Time to take cover.
Fresh data from China and the European Commission have triggered fears of an even sharper global downturn just as central banks have started tightening policy.
The latest figures from the world’s second biggest economy for April were downright gloomy, with consumer spending, factory output and employment falling at the fastest rate since the pandemic two years ago.
Gloomy forecast: The latest figures from China showed consumer spending, factory output and employment falling at the fastest rate since the pandemic two years ago
China’s fall in retail sales to 11.1 per cent was nearly double the forecast while industrial production fell 2.9 per cent in April year-on-year.
The unemployment rate rose to 6.1 per cent, the highest rate since February 2020, while in 31 cities the number of jobs lost was at its highest for four years.
As one of the world’s biggest car makers and a huge employer, the drop in demand and shortage of materials was a massive blow. Car production was down by 41 per cent.
Yet the depth of the country’s slowdown comes as no surprise.
Over the last few months the government’s zero-Covid, stay-at-home policy has enforced strict lockdowns of Shanghai as well as many of its northern regions.
You only have to look at the satellite pictures of the number of ships anchored outside many of China’s ports to see the damage that has been done to the movement of goods, which for the second time in two years is hitting supply chain shortages and therefore driving up prices around the world.
Shanghai is due to start opening up again from next month but it’s impossible to know how long the country will take to recover from these lost months.
While the authorities claim the downturn is temporary, it’s likely the central bank will have to introduce stimulus measures to speed up a return to normal.
The mood was equally gloomy across the European Union and eurozone as the EC slashed growth forecasts for this year and next. GDP for the 19-member eurozone is forecast to grow by 2.7 per cent this year, down from 4.0 per cent, and 2.3 per cent next year.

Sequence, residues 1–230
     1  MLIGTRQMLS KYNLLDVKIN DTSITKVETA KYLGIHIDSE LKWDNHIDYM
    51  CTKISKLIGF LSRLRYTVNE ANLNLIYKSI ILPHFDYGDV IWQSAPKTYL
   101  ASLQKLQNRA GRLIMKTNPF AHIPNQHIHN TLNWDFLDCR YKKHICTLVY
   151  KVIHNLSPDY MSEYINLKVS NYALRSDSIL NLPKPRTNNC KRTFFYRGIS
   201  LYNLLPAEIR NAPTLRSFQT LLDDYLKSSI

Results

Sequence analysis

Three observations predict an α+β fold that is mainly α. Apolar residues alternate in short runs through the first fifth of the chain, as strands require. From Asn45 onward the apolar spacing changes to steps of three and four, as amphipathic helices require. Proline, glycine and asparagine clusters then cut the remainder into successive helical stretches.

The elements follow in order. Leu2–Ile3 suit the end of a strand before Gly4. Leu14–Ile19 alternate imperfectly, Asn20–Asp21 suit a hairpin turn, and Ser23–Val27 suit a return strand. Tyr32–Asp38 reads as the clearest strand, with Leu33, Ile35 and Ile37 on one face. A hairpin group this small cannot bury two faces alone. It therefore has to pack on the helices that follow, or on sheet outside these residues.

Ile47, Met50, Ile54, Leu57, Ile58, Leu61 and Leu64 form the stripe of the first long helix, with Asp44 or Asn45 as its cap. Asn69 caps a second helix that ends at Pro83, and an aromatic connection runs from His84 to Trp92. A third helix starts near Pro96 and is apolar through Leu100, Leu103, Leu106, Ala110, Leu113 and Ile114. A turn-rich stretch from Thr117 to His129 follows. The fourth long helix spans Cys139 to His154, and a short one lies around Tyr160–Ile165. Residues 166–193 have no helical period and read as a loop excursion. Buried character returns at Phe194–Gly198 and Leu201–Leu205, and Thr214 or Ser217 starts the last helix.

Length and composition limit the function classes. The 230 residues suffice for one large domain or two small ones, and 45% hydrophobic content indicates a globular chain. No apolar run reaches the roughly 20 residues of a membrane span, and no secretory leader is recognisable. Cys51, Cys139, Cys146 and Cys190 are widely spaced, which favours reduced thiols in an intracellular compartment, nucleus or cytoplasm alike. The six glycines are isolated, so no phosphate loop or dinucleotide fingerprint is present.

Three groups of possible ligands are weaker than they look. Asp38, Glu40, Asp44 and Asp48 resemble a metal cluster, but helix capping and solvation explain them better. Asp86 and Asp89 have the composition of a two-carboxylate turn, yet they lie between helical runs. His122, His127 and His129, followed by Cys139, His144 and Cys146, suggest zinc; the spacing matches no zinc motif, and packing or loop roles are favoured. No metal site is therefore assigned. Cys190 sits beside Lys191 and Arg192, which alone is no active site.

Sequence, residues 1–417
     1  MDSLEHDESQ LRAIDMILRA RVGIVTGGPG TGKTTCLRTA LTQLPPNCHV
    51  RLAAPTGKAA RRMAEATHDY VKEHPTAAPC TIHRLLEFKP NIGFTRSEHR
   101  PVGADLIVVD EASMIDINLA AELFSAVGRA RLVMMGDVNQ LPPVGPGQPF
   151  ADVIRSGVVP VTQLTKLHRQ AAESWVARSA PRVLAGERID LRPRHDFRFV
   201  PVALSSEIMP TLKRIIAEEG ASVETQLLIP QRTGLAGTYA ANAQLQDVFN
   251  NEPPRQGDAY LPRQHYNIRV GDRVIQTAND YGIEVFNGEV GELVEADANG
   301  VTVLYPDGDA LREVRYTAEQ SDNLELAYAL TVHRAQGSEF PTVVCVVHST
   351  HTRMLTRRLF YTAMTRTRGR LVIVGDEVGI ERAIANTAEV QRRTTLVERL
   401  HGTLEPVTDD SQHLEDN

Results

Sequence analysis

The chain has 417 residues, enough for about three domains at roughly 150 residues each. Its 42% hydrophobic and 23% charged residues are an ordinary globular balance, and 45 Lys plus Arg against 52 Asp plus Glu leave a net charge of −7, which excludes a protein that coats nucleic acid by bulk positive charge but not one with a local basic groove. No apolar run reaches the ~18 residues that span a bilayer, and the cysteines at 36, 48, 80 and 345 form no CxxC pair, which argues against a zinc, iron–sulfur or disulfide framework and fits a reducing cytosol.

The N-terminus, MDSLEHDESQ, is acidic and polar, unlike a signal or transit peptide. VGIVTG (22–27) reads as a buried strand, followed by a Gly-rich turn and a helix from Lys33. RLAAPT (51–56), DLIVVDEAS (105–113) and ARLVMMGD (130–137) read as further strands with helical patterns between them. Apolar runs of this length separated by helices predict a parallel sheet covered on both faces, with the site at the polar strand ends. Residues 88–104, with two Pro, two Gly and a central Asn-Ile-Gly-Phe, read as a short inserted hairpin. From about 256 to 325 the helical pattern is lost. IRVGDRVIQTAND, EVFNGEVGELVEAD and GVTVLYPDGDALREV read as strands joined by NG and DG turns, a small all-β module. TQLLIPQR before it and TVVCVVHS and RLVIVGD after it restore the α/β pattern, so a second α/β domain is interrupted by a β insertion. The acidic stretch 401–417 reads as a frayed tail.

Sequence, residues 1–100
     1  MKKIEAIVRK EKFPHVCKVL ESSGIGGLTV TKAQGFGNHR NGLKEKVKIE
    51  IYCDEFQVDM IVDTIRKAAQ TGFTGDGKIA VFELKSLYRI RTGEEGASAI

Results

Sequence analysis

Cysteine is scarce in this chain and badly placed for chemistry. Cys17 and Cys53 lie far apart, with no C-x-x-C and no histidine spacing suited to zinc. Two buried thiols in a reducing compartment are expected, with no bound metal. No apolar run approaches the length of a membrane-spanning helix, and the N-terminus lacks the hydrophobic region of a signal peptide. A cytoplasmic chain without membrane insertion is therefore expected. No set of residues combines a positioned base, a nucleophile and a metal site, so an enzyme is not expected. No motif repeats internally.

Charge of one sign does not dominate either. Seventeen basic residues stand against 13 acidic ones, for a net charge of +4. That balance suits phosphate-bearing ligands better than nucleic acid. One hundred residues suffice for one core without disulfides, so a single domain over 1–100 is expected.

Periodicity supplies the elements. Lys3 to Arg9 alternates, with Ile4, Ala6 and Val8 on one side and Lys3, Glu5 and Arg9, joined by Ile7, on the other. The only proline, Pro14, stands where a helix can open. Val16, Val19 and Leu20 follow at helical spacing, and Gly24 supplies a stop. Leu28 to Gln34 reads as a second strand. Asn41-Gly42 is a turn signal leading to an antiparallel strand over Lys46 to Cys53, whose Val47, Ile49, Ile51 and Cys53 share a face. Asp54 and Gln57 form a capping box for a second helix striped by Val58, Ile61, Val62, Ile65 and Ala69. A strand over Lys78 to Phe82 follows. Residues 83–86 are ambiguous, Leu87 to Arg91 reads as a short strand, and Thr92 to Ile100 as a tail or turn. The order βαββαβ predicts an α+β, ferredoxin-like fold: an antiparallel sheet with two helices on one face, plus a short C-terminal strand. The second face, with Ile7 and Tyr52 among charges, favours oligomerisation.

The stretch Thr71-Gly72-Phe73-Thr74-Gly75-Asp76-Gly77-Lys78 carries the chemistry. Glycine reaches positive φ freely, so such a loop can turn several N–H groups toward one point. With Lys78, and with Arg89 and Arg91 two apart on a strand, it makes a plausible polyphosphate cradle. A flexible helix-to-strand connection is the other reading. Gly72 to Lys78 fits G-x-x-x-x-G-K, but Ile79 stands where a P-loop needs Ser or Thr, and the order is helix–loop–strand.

After inflation surging to 7.5 per cent in April –the highest rate in the history of the monetary union – it’s revised up to 6.1 per cent in 2022, nearly double earlier forecasts.
Higher energy and commodity prices were already putting a strain on both consumption and production across the continent.
But Russia’s war on Ukraine has worsened the problems, driving inflation even higher, which in turn is putting even greater pressure on households and businesses.
All eyes are now turned on the European Central Bank’s president Christine Lagarde to see if it follows the US and the UK in tightening policy.
The betting is that the bank will finally hike rates for the first time in a decade as well as ending its stimulus programme at its next meeting in July.
Whether the US Federal Reserve continues its aggressive rate lifting is the big unknown. But when the former boss of Goldman Sachs, Lloyd Blankfein, joins the pessimists, you can bet the landing is going to be risky.
He warns there is a ‘very, very high risk’ that the US economy is heading towards a recession.
He told CBS News: ‘If I were running a big company, I would be very prepared for it. If I was a consumer, I’d be prepared for it.’
No wonder investors are reaching for their parachutes.
Pasty and chips
Greggs, the pastie-to-sausage roll makers, and the country’s 10,500 fish and chip shops, are the latest to feel the pain of rip-roaring inflation.
Rocketing wheat prices because of Russia’s war on Ukraine and India’s latest ban on wheat exports are behind Greggs’ latest warning that it may have to put up prices by as much as 10 per cent.
The red light couldn’t come at a worse time, when the rising cost of living is already squeezing households.
More worrying is the plight of the chippie. The National Federation of Fish Friers – yes, such a group exists – fears that up to a third of all fish and chip shops could close because of soaring prices while others will have to change their menus.
This would be tragic: the British seaside would be desolate without the traditional fish and chip shop.
The war is to blame: four of the main foodstuffs used by chippies are sunflower oil, cod, haddock, and potatoes – most of which are sourced from either Ukraine or Russia.
But there are crumbs of hope: that consumers will trade down from their more expensive coffee shop-type places to back the humble British favourite.
If not, we will need a Save the Chippie campaign.
Some links in this article may be affiliate links. If you click on them we may earn a small commission. That helps us fund This Is Money, and keep it free to use. We do not write articles to promote products. We do not allow any commercial relationship to affect our editorial independence.